Other than putting it in a tiny art gallery, what could you do with a rabbit sculpture that sits just a few micrometers tall? Perhaps not much, although it’s a remarkable example of the level of detail that can be achieved using a new electrically-conductive shapable resin. That same resin could find use in custom-formed electrodes for things like fuel cells, batteries, or even biosensor interfaces used to treat brain disorders.  Read More

The GeS 'nanoflowers' have petals only 20-30 nanometers thick, and provide a large surface...

Researchers have already turned to the humble sunflower for inspiration to design more efficient Concentrating Solar Power (CSP) plant layouts, and now a team from North Carolina State University has developed a “nanoflower” structure out of germanium sulfide (GeS) that shows great promise for use in energy-storage devices and more efficient solar cells. The secret is the material's ultrathin petals that provide a large surface area in only a small amount of space.  Read More

Thomas Edison with his nickel-iron rechargeable battery in 1910 (Photo: Smithsonian)

A green, rechargeable battery that is suitable for powering electric vehicles and stationary power storage applications, and that would survive tens of thousands of charge cycles in a useful life of 100 years without loss of capacity. What could be a better innovation for our times? Such a battery has been developed, and recently improved by Stanford researchers. Oh, one other thing. The battery was invented by Thomas Edison in 1901.  Read More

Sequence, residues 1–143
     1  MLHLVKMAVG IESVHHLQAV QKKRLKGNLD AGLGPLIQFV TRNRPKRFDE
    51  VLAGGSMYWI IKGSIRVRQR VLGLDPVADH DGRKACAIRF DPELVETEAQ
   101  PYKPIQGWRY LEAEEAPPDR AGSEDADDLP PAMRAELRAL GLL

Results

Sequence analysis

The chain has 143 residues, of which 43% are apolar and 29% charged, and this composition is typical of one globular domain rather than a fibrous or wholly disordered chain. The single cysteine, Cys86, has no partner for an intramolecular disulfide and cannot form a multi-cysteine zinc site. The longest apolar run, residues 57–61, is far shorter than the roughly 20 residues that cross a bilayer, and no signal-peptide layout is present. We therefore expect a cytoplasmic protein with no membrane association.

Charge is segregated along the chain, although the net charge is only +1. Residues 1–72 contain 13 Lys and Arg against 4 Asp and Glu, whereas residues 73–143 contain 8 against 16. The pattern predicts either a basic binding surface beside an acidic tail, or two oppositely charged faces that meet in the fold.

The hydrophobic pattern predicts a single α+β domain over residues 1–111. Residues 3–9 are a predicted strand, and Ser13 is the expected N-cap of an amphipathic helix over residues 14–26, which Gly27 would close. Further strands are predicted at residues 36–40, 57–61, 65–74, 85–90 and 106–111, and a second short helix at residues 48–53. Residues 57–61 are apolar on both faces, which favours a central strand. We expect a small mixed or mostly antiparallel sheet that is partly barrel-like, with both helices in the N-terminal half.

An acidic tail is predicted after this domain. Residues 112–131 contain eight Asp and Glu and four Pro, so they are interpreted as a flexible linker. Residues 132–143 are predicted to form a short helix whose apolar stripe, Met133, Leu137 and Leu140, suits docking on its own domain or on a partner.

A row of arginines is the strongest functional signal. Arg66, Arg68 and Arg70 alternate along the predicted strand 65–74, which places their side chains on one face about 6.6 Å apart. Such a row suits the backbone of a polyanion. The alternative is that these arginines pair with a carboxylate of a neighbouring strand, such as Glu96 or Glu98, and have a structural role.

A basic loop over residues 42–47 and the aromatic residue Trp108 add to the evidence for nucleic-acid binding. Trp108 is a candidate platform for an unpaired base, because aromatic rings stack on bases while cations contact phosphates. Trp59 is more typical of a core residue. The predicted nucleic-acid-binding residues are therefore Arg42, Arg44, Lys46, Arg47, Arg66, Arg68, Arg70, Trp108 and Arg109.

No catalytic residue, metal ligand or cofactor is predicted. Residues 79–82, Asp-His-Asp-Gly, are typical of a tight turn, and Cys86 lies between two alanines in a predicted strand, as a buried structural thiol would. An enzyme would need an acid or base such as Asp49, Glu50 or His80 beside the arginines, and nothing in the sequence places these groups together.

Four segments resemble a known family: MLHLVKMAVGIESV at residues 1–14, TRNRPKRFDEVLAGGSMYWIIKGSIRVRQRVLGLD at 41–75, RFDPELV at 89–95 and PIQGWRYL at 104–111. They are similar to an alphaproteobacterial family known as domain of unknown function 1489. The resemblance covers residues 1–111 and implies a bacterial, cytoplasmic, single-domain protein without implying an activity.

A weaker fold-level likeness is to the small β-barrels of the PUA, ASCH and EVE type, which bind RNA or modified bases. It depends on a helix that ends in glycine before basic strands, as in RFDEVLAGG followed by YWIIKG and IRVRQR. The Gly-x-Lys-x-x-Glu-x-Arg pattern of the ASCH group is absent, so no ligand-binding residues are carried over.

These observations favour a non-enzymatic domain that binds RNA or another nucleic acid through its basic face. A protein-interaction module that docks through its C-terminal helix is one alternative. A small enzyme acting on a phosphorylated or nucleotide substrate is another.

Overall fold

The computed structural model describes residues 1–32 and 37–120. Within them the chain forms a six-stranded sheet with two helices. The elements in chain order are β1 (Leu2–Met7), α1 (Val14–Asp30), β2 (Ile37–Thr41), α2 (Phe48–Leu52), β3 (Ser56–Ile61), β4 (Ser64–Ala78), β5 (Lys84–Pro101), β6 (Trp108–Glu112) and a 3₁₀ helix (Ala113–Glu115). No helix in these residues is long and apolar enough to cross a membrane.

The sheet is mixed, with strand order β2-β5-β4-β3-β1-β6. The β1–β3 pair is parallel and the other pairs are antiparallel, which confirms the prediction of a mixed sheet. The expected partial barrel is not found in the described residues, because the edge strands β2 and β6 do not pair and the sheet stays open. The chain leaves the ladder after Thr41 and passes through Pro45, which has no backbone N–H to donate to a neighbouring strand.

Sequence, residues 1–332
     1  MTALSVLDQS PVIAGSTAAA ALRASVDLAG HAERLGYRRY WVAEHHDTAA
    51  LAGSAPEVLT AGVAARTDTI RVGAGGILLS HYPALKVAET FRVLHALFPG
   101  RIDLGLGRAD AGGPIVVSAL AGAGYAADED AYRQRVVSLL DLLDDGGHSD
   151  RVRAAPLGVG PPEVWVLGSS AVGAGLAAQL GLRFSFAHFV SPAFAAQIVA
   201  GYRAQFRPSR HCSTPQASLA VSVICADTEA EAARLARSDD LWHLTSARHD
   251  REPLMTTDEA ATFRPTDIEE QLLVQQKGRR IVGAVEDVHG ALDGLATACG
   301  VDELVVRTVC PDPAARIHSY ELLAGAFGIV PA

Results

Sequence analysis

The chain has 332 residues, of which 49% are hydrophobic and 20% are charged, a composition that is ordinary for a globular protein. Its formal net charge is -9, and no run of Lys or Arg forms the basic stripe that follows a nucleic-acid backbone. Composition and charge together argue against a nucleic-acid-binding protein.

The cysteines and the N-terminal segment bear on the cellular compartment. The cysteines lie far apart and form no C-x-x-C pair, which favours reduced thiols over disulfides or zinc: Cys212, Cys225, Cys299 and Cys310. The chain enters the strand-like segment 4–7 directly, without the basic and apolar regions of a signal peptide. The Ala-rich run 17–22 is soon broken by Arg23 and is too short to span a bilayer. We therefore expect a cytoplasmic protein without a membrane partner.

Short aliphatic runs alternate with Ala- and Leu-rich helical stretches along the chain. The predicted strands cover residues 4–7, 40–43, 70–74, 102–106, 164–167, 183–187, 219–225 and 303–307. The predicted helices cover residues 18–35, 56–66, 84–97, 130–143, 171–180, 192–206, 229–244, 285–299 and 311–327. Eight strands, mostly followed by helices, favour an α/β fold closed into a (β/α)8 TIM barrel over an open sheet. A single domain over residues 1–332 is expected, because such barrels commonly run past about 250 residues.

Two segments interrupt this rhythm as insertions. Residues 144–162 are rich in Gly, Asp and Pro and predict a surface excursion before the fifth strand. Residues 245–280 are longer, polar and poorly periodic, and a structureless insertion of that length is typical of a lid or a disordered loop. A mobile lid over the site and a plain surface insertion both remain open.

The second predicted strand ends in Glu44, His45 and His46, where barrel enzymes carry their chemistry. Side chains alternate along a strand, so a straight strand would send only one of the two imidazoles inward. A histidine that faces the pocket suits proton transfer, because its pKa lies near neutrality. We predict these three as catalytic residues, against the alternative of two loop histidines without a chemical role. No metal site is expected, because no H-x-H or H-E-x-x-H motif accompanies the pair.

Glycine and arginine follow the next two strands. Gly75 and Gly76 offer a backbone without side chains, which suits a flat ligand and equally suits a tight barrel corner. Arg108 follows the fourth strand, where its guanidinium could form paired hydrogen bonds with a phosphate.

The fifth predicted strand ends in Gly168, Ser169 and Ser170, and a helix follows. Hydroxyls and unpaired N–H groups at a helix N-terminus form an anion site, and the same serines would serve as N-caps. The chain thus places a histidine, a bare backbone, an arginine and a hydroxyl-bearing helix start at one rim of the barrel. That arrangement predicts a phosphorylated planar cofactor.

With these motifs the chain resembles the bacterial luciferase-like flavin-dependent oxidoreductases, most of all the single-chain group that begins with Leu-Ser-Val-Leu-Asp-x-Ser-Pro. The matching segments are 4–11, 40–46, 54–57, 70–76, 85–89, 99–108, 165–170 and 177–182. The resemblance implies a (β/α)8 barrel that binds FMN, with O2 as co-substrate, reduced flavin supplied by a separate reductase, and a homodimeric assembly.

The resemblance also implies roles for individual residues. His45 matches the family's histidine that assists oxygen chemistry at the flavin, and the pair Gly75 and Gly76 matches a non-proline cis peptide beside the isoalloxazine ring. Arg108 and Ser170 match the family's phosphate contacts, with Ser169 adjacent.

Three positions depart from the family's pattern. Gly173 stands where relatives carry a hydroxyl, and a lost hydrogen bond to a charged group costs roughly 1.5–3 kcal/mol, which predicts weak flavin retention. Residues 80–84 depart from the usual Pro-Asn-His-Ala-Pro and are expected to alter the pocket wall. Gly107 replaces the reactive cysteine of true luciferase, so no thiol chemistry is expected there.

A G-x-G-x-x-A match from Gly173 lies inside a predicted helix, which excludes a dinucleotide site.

IBM's 'ninja polymers' are capable of killing antibiotic-resistant bacteria such as Staphy...

Bacteria such as methicillin-resistant Staphylococcus aureus (MRSA) can not only cause potentially lethal infections, but they are also unaffected by commonly-available antibiotics. Even when it comes to bacteria that can be more easily controlled, we are still constantly being warned about the danger of them becoming antibiotic-resistant. Now, however, researchers have discovered a new antiobiotic-free method of killing bacteria including MRSA ... and it’s based on semiconductor technology.  Read More